My favourite analogy about artificial intelligence is this: Alfred Nobel discovered how we can use dynamite to improve mining, build roads and tunnel inside a mountain. Dynamite improved our lives. But dynamite was also used as a weapon. That’s why we must be responsible when it comes to AI. Artificial Intelligence will allow us to have better lives, but it does require some vigilance.
Generally, it’s about making computers perform actions which would be considered intelligent were they to be carried out by a person. The term “artificial intelligence” was first coined in 1956, at a summer workshop at Dartmouth College in New Hampshire, though clearly we’ve come a long way since then, especially recently.
At its core, AI is a combination of statistics (data analysis), computer science, software engineering and operations research – and it is data that is driving the recent growth of artificial intelligence.
While companies and researchers have always collected a lot of information, the concept of “Big Data” is relatively new. With the advent of companies like Facebook, Google, Amazon and others, huge amounts of data are being collected. Companies in the fintech sector (financial technologies) were among the first to successfully utilize AI, since they had access to tremendous amounts of data: they know all about transactions, loyalty, and consumer habits.
Those vast amounts of data allow us in turn to train our algorithms and get accurate models. The more we have access to data, the more accurate our AI algorithms are.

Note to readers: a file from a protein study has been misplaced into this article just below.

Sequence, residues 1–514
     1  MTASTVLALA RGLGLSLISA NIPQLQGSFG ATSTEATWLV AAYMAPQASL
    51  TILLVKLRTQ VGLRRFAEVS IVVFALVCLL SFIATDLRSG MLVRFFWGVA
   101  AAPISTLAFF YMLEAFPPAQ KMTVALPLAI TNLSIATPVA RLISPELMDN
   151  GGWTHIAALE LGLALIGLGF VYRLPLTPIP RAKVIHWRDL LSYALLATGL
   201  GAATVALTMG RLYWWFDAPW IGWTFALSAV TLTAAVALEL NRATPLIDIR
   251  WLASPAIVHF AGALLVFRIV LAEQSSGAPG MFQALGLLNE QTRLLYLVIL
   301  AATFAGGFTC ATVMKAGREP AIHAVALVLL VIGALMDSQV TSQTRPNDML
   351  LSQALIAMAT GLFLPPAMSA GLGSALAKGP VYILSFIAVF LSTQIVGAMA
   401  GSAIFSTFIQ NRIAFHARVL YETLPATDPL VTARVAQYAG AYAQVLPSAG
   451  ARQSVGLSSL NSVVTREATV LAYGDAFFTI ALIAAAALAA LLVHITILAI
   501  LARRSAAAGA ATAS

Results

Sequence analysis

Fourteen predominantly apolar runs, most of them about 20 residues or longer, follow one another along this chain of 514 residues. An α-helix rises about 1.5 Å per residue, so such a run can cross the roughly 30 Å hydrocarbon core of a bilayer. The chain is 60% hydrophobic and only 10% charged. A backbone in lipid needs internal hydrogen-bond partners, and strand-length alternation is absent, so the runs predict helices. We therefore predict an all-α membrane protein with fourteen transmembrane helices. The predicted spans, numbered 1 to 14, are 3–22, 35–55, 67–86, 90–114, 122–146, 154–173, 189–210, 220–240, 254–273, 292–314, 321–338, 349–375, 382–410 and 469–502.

Most of these algorithms use Artificial Neural Networks, which attempt to replicate the human brain. Using these networks – which we refer to as machine learning – means we can explore increasingly complex models and problems. The bigger and more layered the neural network is – called deep learning – the more complex the issues we can explore, like speech and natural language understanding.
But with the amount of data we utilize in AI comes an ethical component. All that data is yours. And mine, and everyone’s. We authorize a lot of applications to access our information, like our address books our finances, our jobs – virtually every aspect of our lives. But we also need to be careful with the data we share. The dichotomy is that if we want to have more options and better services, we need to share our data, but how that data is used requires us to be somewhat cautious. Both industry and governments are taking ethics issues seriously and formulating strategies to deal with these concerns.